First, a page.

Little Marton Mill
New Preston Road, Marton, Blackpool, Lancashire
John Hays (millwright)
photo Paul Dunkerley / ICE R&D Fund
Now used as scout troop headquarters and floodlit at night, Little Marton Mill is perhaps the most-seen of all the Fylde windmills, as it stands on one of the main routes into Blackpool.
Built on the site of an earlier mill shown on a map of 1786, Little Marton Mill has a three storey whitewashed tower featuring a cellar, vertically-set windows, a fantail and four double-shuttered anticlockwise patent sails. It was built for John Whalley by John Hays, whose name is embossed on the iron machinery.
From the cellar, a long underground passage led to the drying room, since demolished along with the other outbuildings.
Using four pairs of overdrift stones, the mill worked until about 1928, at which time the miller was Cornelius Bagot. It was then restored as a memorial to Blackpool schoolteacher and poet, Allen Clarke, who wrote about the Fylde windmills. There was a plaque to him inside the tower, now visible on the outside as local residents led by Clarke's granddaughter campaigned to have it moved in 2002.
The mill's fantail was removed in 1952 for safety reasons and the cap replaced with a triangular gabled timber one. The building was renovated in 1968 and four patent anticlockwise sails added: each 10m long and weighing 12cw. One of these fell off in the 1980s.
A 1987 facelift cost £88,000 for damp proofing, a new ground floor, a new boat-shaped cap in the local Fylde style, new internal timbers, a new eight-blade fantail and two new sails. A sail blew off in 1988 and another snapped off in February 1993. It was replaced eight months later using American timber. In August 1994, a stock broke and after that the mill stood for a year with only three sails before a replacement was fitted. The sails were repaired in June 1997, and the mill was repainted and the fantail and cap repaired in 2001.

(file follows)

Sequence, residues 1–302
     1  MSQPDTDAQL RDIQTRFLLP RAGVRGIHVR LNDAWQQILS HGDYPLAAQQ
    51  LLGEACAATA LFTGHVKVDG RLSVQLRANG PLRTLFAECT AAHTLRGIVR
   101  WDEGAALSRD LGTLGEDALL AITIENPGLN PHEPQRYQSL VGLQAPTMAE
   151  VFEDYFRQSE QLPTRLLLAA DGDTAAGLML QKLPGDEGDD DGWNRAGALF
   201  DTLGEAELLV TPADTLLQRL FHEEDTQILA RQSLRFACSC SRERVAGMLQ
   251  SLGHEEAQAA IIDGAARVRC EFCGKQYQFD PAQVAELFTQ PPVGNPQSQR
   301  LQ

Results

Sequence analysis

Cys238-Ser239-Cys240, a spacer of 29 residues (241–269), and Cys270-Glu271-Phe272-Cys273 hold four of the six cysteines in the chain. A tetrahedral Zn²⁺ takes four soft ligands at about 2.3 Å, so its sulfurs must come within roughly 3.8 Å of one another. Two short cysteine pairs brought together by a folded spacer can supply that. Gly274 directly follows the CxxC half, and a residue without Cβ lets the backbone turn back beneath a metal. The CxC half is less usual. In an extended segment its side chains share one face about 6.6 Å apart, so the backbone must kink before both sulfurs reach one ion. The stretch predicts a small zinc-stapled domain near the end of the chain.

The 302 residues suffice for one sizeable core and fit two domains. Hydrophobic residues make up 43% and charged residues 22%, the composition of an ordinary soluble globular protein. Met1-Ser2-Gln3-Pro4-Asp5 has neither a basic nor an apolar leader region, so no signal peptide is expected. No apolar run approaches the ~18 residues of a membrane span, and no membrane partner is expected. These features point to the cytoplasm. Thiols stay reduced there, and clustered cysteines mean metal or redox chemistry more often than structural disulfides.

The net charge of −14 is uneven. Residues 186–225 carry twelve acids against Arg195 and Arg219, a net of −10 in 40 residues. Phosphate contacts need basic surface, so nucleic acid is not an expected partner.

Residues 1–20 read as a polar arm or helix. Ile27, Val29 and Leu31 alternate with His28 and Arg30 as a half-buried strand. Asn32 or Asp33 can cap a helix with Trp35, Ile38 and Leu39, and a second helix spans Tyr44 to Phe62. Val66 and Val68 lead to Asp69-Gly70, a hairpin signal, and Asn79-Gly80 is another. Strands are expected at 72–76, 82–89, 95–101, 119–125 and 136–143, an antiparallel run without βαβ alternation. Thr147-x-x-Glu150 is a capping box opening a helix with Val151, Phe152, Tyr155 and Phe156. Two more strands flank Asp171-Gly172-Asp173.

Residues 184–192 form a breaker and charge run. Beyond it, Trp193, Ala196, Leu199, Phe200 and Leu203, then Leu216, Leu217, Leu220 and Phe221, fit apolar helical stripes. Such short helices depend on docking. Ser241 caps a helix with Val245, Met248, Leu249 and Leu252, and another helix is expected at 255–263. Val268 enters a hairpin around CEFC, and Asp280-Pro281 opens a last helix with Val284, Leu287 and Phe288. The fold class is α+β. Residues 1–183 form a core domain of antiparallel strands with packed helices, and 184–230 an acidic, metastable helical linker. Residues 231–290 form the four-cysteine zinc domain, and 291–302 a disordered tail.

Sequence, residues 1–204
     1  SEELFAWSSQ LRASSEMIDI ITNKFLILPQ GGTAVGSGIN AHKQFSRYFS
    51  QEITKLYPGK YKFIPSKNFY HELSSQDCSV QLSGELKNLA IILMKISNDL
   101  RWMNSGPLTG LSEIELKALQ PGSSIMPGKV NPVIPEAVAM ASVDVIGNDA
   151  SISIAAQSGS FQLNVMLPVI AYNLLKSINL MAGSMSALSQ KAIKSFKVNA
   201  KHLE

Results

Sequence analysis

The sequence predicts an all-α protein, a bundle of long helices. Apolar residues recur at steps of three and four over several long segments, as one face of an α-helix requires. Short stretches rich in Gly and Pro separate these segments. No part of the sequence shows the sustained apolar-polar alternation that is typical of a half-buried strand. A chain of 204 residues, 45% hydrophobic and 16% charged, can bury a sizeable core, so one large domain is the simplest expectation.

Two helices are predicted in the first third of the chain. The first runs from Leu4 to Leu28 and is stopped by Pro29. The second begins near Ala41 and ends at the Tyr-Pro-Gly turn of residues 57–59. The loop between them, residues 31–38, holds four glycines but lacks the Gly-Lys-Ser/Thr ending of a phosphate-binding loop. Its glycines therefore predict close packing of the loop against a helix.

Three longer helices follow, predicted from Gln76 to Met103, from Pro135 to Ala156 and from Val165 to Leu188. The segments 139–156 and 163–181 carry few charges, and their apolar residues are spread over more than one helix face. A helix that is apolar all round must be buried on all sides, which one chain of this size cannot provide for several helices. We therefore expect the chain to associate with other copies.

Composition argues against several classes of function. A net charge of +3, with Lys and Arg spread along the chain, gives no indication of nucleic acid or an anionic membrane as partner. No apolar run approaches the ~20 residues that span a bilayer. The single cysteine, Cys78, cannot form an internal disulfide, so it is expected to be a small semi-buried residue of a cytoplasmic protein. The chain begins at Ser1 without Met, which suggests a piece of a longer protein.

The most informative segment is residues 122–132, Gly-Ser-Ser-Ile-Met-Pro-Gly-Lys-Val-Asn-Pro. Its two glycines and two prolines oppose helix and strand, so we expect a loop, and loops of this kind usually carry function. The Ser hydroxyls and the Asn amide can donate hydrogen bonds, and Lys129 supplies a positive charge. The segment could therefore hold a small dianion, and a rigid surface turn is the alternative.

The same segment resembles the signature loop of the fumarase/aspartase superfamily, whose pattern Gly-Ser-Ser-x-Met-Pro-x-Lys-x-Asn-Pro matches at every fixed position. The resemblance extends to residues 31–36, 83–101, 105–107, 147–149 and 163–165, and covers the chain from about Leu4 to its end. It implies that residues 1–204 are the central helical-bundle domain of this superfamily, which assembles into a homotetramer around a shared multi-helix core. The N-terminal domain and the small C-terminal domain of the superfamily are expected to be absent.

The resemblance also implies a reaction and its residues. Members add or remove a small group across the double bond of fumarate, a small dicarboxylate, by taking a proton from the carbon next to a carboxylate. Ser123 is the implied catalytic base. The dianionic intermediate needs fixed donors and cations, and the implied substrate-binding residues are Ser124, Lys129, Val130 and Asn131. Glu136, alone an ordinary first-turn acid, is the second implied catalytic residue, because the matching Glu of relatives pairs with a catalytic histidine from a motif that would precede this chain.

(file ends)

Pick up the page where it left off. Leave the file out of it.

Only limited machinery remains at cap level, the remainder below having been taken to Lytham Mill during the 1980s, though the Great Spur Wheel, main vertical shaft and wallower remain.
Contractor: R. Thompson & Son, Alford (1968 repairs)
Contractor: Joe Gillett, Wesham (1993, 1997, 2001 repairs)
"Collection of Photographs of Mills (1927-1938)" by E. Mitford Abrahams
John Rylands University Library of Manchester
"Windmills of Lancashire" by H. E. S. Simmons
Science Museum, London, 1977